While there are several hundred biographies of the Buddha and his biography is recounted in thousands of books on religion, Indian history, etc. there is still no biography which is based entirely on the earliest records leaving out the later legends and embellishments. If and when this is ever done a very different Buddha would become apparent. Take but one example. Everyone knows that the Buddha’s father was a king and thus that he was a prince. The interesting thing is that there is almost no evidence of this in the Tipitaka.We are told that when the baby Buddha was born the sage Asita went to Suddhodana’s bhavana to see the kumara (Sn.685). The two Pali words here in italics are almost always translated as ‘palace’ and ‘prince’, whereas the first more correctly means ‘a place’ without any regal conotations, and the second means a male child or boy; prince is raja kumara. In every instance when the Buddha talks about his or his father’s abode he uses the words for house, home or mansion, not the usual words for palace; i.e. a royal residence, i.e. vimana or mandira. “In other people’s nivanana the servants, workers and slaves are given broken rice and sour gruel to eat. But in my father’s nivasana they were given the best rice and meat to eat” (A.I,145). “I had three pasada, one for the winter, one for the summer and one for the rainy season” (A.I,145). “At my father’s nivesana lotus ponds were made just for my enjoyment” (A.I,145). In later centuries the word nivasana came to be applied to royal palaces but there is no examples of this from the 5th cent BCE or before and not for quite a few centuries after. Even in the very places where one would expect the Buddha to refer to his father as a king he did not do so. When he was asked by King Bimbisara about his family and birth he simply replied that he was from a Sakyan family (Sn.322-4).
The famous incident where the young Buddha spontainously fell into a jhanic state while sitting in the shade of a jambu tree as he watched his father, is another example of this. Nearly all accounts and depictions of this incident say or show the Buddha’s father plowing, supposedly doing the first ceremonial plowing of the year, what was called mangalavappamangala, Ja.I,57; IV,167). But in the Buddha’s account of this incident he simply says: “I recall that when my Sakyan father was working (pitu Sakassa kammante) while I was sitting in the shade of a jambu tree…” (M.I,246). Now working could mean anything – weeding, mending a fence, milking a cow, picking fruit, etc. So how did the general ‘work’ become ‘ceremonial plowing’? I don’t know, but this is what I suspect. In the centuries after the Buddha the claim of royal ancestry was made for him and his father, and of course kings do not do ordinary labor, they only do regal things like ceremonial plowing. Hence work was morphed into royal work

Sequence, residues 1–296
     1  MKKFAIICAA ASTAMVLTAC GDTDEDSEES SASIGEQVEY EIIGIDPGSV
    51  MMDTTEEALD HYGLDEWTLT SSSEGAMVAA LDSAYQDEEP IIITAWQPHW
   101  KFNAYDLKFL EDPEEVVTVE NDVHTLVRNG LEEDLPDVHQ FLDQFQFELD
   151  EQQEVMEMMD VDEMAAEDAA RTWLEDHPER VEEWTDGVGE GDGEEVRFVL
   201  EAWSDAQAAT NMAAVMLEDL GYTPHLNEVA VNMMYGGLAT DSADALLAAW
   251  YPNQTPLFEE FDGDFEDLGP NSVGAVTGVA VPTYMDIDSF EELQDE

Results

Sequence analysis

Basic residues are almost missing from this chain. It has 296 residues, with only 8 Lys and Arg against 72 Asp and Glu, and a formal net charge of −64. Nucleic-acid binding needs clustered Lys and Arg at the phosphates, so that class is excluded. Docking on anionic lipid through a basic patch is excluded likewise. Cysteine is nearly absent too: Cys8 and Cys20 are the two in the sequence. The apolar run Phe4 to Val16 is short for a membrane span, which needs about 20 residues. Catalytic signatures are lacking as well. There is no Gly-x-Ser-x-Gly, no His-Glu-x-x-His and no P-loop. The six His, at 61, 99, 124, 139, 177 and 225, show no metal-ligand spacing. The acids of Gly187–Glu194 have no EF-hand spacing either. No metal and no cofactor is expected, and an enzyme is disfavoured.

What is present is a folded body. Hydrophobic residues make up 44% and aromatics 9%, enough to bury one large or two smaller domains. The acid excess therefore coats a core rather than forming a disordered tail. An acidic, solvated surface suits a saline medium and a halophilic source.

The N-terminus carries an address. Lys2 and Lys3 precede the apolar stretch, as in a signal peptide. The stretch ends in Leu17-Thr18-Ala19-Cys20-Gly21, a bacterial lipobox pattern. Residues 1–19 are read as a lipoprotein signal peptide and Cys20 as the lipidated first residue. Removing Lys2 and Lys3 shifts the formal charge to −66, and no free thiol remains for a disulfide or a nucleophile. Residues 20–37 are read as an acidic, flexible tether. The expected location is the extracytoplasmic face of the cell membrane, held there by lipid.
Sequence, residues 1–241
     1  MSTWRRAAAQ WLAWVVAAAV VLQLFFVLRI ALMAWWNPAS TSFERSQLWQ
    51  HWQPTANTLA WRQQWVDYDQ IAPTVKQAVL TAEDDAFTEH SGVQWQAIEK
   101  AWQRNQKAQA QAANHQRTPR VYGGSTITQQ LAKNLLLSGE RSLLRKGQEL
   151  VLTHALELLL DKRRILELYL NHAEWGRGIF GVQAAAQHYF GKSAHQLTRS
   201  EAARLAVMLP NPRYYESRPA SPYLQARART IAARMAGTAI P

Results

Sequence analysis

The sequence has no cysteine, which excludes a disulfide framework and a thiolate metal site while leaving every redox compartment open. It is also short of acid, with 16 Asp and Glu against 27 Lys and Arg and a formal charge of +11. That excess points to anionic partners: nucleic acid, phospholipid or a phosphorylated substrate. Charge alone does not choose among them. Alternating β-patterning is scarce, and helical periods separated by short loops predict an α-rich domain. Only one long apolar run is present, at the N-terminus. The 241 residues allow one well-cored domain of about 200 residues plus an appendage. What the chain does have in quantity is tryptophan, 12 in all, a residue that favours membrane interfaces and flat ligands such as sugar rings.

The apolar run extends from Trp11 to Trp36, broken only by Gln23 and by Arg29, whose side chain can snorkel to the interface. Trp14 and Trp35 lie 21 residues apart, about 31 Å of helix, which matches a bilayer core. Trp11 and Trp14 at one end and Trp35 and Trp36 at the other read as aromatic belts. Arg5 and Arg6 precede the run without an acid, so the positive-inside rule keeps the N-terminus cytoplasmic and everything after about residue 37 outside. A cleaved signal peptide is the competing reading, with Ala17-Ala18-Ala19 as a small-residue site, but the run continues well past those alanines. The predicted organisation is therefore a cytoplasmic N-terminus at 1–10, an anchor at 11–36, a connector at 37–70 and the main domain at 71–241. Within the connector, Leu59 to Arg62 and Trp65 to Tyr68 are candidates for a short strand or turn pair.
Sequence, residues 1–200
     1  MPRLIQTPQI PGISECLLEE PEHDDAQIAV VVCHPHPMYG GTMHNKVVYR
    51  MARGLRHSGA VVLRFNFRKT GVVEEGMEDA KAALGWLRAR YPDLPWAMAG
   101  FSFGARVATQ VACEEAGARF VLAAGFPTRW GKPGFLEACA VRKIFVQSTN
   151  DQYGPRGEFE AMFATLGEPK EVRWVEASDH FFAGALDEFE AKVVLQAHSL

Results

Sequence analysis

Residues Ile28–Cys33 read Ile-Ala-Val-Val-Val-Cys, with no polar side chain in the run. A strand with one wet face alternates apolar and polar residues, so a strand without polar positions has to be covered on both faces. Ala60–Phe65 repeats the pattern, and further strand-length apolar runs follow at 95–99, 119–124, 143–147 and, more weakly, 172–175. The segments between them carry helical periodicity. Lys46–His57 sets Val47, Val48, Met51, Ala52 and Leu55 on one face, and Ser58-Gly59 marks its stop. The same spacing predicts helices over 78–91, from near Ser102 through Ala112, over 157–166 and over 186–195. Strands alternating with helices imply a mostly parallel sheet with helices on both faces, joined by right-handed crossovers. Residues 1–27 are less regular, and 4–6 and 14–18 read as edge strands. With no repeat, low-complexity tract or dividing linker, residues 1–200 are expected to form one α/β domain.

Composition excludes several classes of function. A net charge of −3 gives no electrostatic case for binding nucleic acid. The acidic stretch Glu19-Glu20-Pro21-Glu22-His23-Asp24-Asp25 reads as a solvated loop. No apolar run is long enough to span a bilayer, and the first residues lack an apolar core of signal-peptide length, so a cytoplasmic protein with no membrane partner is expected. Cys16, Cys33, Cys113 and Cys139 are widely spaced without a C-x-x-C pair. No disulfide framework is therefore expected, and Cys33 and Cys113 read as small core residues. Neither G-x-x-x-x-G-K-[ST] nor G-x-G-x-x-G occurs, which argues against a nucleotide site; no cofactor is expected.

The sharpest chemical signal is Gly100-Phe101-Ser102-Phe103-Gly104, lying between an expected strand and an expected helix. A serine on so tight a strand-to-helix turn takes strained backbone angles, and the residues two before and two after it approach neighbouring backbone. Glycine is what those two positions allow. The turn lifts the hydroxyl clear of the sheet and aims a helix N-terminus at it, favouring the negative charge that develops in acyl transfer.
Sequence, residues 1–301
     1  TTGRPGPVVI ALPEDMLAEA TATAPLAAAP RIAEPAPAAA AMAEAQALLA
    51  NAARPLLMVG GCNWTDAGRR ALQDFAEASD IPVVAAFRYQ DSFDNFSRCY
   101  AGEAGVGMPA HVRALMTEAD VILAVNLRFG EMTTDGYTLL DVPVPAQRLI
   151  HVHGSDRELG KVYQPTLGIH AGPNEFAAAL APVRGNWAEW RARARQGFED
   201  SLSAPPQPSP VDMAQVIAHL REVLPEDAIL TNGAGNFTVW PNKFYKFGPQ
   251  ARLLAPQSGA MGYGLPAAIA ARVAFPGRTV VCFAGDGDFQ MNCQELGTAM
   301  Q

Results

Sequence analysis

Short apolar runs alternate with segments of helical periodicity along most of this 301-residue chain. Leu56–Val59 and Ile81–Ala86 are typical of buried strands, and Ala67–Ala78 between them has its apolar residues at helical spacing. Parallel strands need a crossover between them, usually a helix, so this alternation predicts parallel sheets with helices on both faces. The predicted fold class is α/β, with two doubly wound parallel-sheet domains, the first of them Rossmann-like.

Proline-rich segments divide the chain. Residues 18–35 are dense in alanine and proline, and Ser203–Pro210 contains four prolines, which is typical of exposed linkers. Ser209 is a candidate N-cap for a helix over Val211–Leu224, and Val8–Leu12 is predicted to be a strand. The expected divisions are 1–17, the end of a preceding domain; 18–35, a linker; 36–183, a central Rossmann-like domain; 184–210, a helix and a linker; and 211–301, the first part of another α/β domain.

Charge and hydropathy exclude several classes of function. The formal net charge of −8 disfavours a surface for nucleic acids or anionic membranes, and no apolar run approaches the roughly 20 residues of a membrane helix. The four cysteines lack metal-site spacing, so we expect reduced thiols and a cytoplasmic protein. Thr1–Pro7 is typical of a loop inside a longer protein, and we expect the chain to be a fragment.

Also interesting is the fact that Suddhodana is only mentioned once in the Sutta Pitaka, in the Mahapadana Sutta, perhaps the latest sutta in the whole collection, where he is also said to be a raja (D.II,7). In the Vinaya, most of which post-dates the Buddha by at least 100 years, he only gets a single mention too and he is not called a raja (Vin.I,82). Further, the Vinaya provides us with the only reference in the Tipitaka to a Sakyan ruler and it is to Bhaddiya, who later became a monk (Vin.II,182).
So was Suddhodana a king, making the Buddha a prince? Almost certainly not in the sense that ‘king’ and ‘prince’ have been understood for the last 2000 years in both East and the West. He was probably more like a chief elected by the senior men of the clan. The reference to the Sakyans having a body called the ruler-makers (raja kattaro, D.II,233) makes this scenario the most likely one.